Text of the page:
Last week saw the publication of alarming new evidence from very different parts of the housing world confirming district councils’ worst fears about the crisis in affordable housing.
Research by the National Residential Landlords Association found that an all-time-high 37% of landlords plan to cut the number of properties they let over the coming year at the same time as two thirds of landlords reported that tenant demand had increased.
The annual survey by homelessness charity Crisis revealed that, in 2022, 85% of councils reported a rise in households experiencing the misery of homelessness.
Sadly this is no surprise.
The District Councils’ Network’s (DCN) own survey in late 2021 showed that 76% of district councils surveyed had seen an increase in landlords selling up properties.
This echoes concerns from across the sector about a chronic lack of ‘affordable’ private accommodation, leaving many in temporary accommodation for longer than they should be.
Government statistics for the first part of 2023 show that, in district areas, there are 3,500 more families in temporary accommodation than the same time in 2022 – an increase of 29%.
Speaking to our member councils, we know that demand has only increased during 2023 as financial pressures build on local residents and private landlords sell up.
Our homelessness teams are directly experiencing the consequences.
Since 2021 the number of households threatened with homelessness is up by 16%, with the numbers presenting as already homeless up by 17% on 2021 levels.
Now several families compete for a single property, with councils unable to place those at risk of homelessness.
This is at least in part due to out-of-date Local Housing Allowance rates which mean local homes are unaffordable.
The DCN welcomed the boost from the additional £150m Homelessness Prevention Grant announced in June this year to prevent residents and refugees from becoming homeless.
However, the shortage of truly affordable homes in private rented and social housing is a problem requiring a strategic solution.
Short-term funding boosts alone cannot lead the way out of this crisis.
We also face problems with the supply of council housing. Official statistics show that district councils’ housing waiting lists grew by almost 8% between 2020 and 2022.
In district areas over 21,000 more households are now waiting to access social housing.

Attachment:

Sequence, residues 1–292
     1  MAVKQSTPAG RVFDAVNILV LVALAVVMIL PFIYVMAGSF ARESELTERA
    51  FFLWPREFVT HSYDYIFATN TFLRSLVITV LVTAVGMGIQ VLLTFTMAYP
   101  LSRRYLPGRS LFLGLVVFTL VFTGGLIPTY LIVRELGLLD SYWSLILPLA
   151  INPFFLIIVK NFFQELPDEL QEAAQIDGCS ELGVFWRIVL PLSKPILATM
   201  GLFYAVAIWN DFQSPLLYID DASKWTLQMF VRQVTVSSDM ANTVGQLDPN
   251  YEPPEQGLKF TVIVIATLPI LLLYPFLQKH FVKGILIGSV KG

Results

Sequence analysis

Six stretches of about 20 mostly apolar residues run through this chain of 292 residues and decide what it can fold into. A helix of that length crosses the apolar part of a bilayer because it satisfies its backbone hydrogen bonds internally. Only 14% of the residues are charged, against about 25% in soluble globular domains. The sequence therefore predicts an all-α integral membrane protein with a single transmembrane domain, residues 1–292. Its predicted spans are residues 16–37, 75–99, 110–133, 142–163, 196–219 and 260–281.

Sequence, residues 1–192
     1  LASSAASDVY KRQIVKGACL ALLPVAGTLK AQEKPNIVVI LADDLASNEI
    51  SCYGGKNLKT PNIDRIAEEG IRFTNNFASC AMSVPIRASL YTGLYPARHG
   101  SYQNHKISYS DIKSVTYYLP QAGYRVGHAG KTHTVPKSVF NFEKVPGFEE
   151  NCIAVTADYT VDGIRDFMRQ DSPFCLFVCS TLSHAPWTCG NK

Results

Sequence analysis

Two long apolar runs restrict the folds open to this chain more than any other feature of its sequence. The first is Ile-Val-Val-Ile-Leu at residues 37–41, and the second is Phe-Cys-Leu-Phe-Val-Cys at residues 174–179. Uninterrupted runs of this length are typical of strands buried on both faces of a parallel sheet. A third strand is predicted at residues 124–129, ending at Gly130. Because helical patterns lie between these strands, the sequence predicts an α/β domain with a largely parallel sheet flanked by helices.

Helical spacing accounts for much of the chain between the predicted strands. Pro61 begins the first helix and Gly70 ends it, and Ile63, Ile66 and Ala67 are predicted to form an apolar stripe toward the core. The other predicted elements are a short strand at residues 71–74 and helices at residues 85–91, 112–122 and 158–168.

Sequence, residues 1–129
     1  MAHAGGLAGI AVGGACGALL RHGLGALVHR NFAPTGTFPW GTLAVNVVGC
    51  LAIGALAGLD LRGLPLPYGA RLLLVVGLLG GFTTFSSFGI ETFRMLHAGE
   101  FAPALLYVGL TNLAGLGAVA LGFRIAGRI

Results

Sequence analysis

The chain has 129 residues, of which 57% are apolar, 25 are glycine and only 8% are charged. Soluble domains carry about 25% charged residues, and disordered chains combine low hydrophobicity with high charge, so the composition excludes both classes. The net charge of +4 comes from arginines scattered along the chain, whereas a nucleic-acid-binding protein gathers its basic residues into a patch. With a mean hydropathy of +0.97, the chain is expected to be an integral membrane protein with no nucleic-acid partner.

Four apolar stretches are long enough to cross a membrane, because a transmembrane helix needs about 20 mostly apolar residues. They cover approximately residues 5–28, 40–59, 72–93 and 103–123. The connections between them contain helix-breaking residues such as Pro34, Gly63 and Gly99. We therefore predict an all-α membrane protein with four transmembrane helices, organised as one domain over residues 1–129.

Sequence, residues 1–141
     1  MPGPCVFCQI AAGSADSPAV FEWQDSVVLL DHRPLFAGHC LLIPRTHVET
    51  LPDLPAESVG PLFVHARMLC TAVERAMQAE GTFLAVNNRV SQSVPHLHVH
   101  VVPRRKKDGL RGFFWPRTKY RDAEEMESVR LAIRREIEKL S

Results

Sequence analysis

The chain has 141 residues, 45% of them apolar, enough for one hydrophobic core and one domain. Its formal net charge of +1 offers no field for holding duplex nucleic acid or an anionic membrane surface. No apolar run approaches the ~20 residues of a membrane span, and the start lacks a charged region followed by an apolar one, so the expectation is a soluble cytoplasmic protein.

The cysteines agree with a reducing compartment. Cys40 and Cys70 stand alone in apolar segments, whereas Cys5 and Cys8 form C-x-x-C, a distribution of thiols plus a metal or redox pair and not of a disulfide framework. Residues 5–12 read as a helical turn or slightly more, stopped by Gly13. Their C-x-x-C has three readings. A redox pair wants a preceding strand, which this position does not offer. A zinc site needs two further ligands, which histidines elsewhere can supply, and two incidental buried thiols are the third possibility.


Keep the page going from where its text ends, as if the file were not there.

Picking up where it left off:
For 17 district councils this was an increase of more than 50%.
Over the two years from 2020-21 and 2021-22 almost 27,000 social and affordable rent properties were completed in district council areas.
This is a testament to what councils can do with limited resources.
But in the current climate delivery will not be able to match future demand – let alone clear the backlog of families waiting for new homes.
In the same period almost 2,500 homes were sold through Right to Buy.
This is only one of many pressures on councils with housing stock.
Councils must balance a new regulatory regime for social housing – estimated to cost the sector £17.9m in its first two years – with an urgent need to retrofit ageing housing stock.
The current resource drain means many councils will struggle to fund new social housing at scale.
Finally, we are concerned about the impact of the rapid expansion of short-term lets on the affordability of private rented homes, especially in tourist areas.
Our 2021 survey showed that housing shortages were particularly bad in these places.
In one popular tourist destination in South-west England there was an almost 80% drop in the number of open-market, long-term rental properties.
Our member councils tell us that the problem has only increased since then.
But enough statistics!
Recent Government measures to increase regulation of short-term lets and to help councils build new social housing are a start.
We are calling on Michael Gove to go much further.
We need urgent action to give councils the financial firepower to drive a significant increase in social and affordable housing, and to tackle the unregulated expansion of short-term lets.
We also urge the Government to explore ways to address features in the welfare system that make private rented properties unaffordable.
As a result of the cost-of-living-crisis we need a comprehensive plan because everyone deserves to live in a secure, safe and affordable home.
Councillor Hannah Dalton is District Councils’ Network spokesperson for health, housing and hardship and chair of Majority Group, Epsom and Ewell BC